TO THE PICTURE now being assembled of the West Beirut massacre must be added the chilling and politically explosive story of the private "Christian" army known as the Lebanese Forces. The Post's Loren Jenkins reports the operation was planned by Bashir Gemayel, the Forces' commander and president-elect of Lebanon until his assassination on Sept. 14, and his confidantes. Though the plan did not call for a slaughter, Mr. Jenkins writes, the intent was not simply to sweep up armed Palestinians but also to terrorize the camps' occupants by way of forcing Lebanon's half- million Palestinian refugees to flee the country.

This account is not the final one, but it will have a considerable ring to Lebanese familiar with 1) their country's indulgence of fratricide over the years and 2) the animus shown toward the Palestinians and especially toward the PLO, at least in the past, by Bashir Gemayel and his militia and his Phalangist party.

Even before the massacre, the earlier bloodletting had cast a long shadow over Lebanon's quest for conciliation. Afterward, Lebanon's political community seemed determined to look past it in the name of healing: confronting it was too hard. But now the horror of the event and the attention being focused on it by the international press and by Israel's inquiry into its own role are compelling Lebanon to face it head-on.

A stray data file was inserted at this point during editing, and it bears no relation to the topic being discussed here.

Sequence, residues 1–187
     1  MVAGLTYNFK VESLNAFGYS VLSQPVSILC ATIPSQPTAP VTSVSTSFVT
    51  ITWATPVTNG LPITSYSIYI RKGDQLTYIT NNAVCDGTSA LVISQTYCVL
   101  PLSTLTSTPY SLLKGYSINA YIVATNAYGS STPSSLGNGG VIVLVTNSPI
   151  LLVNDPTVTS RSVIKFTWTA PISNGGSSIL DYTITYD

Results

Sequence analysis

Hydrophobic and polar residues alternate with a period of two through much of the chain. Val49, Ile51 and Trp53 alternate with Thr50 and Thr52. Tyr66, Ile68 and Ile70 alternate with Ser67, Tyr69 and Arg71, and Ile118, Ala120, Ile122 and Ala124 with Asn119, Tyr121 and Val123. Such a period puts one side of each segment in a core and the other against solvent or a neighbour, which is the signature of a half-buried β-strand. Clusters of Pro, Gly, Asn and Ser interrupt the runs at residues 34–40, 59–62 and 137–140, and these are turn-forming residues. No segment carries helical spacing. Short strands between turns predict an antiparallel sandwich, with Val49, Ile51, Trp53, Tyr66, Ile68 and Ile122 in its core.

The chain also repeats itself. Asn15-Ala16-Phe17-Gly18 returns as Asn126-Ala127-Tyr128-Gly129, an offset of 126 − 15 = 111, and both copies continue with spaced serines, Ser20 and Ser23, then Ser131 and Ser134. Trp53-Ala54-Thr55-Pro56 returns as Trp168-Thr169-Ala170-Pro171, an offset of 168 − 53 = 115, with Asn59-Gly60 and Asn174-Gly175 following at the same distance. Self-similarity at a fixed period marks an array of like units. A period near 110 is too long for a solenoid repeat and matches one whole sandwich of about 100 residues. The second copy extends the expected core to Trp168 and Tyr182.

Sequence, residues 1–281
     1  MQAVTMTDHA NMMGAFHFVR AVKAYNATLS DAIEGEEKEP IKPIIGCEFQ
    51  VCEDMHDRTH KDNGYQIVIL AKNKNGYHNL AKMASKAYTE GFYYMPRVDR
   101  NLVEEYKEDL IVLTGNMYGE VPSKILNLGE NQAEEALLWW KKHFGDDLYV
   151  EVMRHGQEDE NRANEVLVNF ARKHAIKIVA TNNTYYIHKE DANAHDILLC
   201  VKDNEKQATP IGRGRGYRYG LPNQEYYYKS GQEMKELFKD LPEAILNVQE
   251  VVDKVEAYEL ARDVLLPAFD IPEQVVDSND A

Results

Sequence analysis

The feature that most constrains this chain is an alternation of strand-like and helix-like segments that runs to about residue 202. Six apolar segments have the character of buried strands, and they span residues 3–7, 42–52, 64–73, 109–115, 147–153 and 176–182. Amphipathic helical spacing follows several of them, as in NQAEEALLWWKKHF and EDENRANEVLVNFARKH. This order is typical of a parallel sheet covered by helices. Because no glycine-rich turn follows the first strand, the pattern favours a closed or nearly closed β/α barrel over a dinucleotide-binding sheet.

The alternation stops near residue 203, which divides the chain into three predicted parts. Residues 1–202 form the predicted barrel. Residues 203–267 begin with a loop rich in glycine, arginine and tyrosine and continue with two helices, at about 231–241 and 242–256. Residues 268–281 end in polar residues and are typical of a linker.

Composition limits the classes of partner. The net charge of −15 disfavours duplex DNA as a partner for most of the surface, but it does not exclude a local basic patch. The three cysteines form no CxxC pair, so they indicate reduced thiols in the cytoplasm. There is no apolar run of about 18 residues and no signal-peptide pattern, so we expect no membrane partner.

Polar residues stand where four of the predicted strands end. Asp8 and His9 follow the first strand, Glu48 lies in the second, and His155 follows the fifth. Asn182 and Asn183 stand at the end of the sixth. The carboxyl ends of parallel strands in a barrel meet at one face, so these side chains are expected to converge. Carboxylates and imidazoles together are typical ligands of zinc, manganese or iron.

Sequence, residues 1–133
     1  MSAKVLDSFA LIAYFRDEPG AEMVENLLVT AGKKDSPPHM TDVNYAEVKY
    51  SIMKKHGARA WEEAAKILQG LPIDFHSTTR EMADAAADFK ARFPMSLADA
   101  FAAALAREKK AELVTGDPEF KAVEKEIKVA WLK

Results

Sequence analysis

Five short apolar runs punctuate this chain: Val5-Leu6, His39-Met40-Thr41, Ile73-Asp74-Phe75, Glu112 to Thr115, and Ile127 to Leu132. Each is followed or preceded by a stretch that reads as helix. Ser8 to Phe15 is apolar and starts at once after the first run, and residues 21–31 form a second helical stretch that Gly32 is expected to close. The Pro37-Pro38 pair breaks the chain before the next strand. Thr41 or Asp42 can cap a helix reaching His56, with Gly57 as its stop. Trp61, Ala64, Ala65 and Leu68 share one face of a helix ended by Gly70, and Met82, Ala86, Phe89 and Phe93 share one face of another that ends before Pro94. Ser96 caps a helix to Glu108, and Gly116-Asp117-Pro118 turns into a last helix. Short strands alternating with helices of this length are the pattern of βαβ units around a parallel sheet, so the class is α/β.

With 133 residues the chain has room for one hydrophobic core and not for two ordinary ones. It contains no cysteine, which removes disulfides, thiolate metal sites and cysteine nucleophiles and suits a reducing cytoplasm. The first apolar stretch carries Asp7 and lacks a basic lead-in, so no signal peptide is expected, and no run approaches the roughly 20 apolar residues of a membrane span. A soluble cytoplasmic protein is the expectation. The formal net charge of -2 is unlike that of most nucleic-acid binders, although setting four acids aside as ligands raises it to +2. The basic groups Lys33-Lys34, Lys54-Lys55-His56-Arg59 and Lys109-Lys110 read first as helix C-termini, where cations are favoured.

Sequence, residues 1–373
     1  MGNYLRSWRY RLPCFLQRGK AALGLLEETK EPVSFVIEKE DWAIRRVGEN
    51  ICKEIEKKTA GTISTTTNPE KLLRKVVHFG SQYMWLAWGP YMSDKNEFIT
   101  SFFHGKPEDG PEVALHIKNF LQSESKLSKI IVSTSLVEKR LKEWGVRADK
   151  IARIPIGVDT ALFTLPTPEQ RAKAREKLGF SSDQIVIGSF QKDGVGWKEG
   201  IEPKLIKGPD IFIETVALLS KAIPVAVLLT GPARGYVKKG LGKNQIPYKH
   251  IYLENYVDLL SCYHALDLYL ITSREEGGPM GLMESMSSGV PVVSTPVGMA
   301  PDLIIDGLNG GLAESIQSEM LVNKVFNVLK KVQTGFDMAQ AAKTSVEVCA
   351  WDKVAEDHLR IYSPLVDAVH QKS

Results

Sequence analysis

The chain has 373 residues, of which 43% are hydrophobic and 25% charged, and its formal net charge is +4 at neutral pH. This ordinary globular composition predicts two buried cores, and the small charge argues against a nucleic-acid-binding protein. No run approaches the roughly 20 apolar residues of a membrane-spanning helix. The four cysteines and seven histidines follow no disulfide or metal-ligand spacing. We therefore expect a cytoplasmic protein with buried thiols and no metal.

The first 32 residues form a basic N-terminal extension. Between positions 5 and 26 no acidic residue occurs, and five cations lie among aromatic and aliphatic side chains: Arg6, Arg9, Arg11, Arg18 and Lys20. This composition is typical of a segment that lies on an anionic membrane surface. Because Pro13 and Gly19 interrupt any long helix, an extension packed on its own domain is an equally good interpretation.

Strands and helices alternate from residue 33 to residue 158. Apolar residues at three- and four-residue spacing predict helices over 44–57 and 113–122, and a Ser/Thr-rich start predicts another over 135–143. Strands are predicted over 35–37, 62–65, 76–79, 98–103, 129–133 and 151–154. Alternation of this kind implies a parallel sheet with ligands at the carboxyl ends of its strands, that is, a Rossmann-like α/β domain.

More facts are bound to come out, though perhaps not from the investigation being conducted by the Lebanese Forces' chief of intelligence -- the very man reported to have commanded the operation. What does come out will hardly be calculated to ease distrust among Lebanese. Nor will it likely comfort President Amin Gemayel, Bashir's brother and political heir. He is damned one way if he knew what was going on -- he denies he did -- and another way if he did not. He will be pressed to bring the Lebanese Forces and the other militias under a central Lebanese authority that does not yet exist.

Israel and Lebanon are very different kinds of societies. All the same, elements in both Israel and Lebanon do share the basic attitude that perhaps more than any act of either commission or omission led to the massacre: a dehumanizing perception of a third people, the Palestinians. The Israeli authorities wanted PLO guerrillas ostensibly hiding in the camps to be, in their parlance, "cleaned out." The whole purpose of their invading Lebanon, after all, had been to eliminate the Palestinians as a fighting force and a political presence. The Lebanese Forces needed no urging to enter the camps. They acted for sectors in Lebanon holding, with their Israeli partners, that Palestinians are an alien people deserving neither respect nor rights.

In their fashion, the Isralis are now confronting their responsibility in the massacre and, necessarily, in the events and policies leading up to it. The Lebanese cannot avoid a parallel pursuit, in their fashion, painful as it will be.